After my initial encounter with the Heritage Walk and its poorly translated attempt at inclusivity, I found several of the sites on the itinerary.

The Holocaust Memorial has a bunch of descriptive text on plaques, but the Santayana quote on the statue’s base sums it up: THOSE WHO CANNOT REMEMBER THE PAST ARE CONDEMNED TO REPEAT IT.

Irreverently, I couldn’t help but notice that the gravel areas under those trees… probably intended to evoke a railroad siding where the death trains pulled up… would make a great pétanque ground.

The Katyn Massacre Memorial. An event I knew nothing about. See ‘condemned to repeat it’ above.

The house where the actual Star-Spangled Banner was made.


That’s a couple of workers gawking and taking pictures of a bunch of rats in the alley.

Baltimore has been a shock, there’s no question. I’ve spent the last five years in one of the most livable cities in the world. Baltimore is , I would guess, quite a ways down that list. The potholes. The overflowing dumpsters. Whole blocks of retail boarded up and falling down. Even on the waterfront most of the shops are empty. And I’ve noticed that there isn’t a crane visible anywhere… they’re not building anything in this downtown area.

The people are struggling as well. I’ve seen so many homeless people shambling around. People with terrible health problems picking in the gutters for cigarette butts. And even the people I interacted with as a business traveler… workers in restaurants and the hotel, cab drivers… seemed dispirited or angry or just out of it. I’ve recently celebrated a birthday, so I’m even older and therefore even grumpier about the shortcomings of the next generation… but still, this seemed extreme.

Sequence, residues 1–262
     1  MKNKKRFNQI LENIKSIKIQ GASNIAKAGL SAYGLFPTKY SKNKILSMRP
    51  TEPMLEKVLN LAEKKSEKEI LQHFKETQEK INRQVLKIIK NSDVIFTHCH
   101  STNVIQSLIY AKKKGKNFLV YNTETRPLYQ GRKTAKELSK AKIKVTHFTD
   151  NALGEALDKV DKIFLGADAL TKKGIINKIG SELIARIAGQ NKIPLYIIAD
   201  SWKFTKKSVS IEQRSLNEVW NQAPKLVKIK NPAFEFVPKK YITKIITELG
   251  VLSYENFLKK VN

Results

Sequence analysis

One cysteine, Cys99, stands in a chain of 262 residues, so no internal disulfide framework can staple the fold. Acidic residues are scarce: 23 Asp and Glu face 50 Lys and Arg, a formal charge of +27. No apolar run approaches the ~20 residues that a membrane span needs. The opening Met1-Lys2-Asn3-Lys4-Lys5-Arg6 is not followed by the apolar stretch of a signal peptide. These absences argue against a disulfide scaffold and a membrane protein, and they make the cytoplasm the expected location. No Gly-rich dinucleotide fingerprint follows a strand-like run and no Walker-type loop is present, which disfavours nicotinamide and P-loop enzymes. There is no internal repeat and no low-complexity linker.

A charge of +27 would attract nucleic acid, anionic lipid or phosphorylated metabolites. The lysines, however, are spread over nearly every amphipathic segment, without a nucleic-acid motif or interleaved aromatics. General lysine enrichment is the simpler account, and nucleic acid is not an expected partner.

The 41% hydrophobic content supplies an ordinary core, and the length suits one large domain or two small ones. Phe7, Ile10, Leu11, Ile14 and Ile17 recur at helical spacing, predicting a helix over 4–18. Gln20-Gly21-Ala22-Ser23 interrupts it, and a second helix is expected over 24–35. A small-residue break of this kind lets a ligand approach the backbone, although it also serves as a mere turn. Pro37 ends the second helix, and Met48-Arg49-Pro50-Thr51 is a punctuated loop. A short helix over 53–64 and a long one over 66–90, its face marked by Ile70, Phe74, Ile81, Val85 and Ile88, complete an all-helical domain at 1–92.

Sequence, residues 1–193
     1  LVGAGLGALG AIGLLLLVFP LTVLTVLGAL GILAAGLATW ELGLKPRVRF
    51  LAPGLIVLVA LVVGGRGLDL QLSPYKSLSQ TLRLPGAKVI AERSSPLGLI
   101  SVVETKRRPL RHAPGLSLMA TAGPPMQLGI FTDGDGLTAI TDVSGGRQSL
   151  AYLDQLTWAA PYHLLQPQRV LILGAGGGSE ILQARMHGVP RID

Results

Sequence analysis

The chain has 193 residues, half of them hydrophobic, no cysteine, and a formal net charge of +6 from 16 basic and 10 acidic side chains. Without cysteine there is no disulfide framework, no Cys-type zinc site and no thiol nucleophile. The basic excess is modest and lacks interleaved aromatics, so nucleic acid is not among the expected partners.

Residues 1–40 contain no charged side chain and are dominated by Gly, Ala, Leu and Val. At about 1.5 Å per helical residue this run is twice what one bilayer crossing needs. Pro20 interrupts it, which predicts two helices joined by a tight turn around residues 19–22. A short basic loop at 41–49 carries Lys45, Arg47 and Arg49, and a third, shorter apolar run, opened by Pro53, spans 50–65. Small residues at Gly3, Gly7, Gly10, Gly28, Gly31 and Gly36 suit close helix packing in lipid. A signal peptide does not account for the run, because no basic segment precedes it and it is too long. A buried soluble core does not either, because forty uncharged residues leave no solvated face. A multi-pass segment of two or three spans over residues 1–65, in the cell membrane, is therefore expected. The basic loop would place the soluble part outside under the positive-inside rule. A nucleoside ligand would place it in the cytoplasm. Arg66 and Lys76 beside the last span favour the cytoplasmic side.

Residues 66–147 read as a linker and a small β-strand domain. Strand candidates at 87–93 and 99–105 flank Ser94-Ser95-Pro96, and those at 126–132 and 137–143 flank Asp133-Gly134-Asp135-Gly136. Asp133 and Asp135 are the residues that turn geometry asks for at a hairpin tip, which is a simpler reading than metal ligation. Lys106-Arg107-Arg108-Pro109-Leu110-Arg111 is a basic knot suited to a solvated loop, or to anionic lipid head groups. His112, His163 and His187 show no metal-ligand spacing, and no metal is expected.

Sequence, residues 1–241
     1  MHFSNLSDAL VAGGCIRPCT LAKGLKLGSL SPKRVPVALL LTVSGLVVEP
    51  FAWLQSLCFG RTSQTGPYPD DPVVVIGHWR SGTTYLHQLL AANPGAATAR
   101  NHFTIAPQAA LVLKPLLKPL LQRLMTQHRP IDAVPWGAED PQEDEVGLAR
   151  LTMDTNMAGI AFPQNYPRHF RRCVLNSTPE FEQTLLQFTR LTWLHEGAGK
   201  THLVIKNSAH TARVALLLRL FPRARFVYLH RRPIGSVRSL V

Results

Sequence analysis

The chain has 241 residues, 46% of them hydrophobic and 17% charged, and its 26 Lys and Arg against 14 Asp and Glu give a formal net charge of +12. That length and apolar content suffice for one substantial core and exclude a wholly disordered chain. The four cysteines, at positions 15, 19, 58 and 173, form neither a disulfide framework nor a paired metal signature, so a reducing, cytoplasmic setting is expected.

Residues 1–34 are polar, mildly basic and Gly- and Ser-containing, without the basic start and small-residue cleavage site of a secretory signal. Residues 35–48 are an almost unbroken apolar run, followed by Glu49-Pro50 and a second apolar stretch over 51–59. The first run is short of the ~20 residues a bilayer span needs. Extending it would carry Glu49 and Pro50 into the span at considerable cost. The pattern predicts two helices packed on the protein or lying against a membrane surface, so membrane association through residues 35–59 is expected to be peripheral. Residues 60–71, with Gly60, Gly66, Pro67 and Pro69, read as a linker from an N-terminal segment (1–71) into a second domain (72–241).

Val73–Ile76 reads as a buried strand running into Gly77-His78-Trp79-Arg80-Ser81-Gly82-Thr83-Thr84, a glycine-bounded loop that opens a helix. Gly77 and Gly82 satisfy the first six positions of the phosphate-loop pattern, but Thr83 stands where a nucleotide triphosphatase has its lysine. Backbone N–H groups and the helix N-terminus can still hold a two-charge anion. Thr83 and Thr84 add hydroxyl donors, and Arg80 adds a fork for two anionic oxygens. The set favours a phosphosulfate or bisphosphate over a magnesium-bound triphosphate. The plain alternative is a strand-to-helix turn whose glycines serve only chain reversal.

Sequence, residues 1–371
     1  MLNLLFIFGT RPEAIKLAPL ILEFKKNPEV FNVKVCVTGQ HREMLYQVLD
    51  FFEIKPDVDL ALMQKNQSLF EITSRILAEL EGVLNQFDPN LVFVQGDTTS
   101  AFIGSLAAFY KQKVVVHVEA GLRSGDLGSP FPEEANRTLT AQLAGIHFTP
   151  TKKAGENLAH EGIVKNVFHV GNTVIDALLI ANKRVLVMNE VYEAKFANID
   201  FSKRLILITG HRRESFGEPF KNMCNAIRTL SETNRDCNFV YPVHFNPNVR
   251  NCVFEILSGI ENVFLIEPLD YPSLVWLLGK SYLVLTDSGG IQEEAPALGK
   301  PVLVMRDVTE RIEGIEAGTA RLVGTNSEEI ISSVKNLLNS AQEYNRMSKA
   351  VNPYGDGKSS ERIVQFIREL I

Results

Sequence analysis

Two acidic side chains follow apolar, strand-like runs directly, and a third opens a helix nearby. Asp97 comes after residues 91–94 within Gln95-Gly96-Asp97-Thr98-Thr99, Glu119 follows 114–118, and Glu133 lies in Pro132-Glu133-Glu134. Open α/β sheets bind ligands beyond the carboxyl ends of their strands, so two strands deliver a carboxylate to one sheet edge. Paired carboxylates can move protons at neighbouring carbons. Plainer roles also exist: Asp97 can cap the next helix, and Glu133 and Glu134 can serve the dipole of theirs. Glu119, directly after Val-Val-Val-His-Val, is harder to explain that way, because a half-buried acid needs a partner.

And yes, I sat at an outdoor restaurant the other night and watched the rats scurrying back and forth, and I’ve seen them two other times just out and about.

I have no idea how much of this trouble is COVID, but I’m sure it’s been a factor. But even before COVID, Baltimore was known as a tough place. It calls itself The Charm City, but some powerful magic charms are surely needed.

The student becomes the teacher

I was so proud to see my friend and longtime colleague Carol awarded Volunteer of the Year yesterday. I’m a little fuzzy on exactly who shares this honor with me, but I get at least some of the credit for hiring her into her first post-grad school job. 20 years ago!! I’ve learned a lot from her, and I can only hope I’ve contributed something to her over the years… at least some things to NOT do.

The project that catapulted her to this dizzy height was a 3-year (!) effort to define an inclusive and affirming set of gender codes. Now, there’s a standard way to record a meaningful gender in the medical record for all those people who used to be lumped into “Other”. High profile, sensitive, contentious… you can see how steering that ship earns you an award.

Well done Carol!!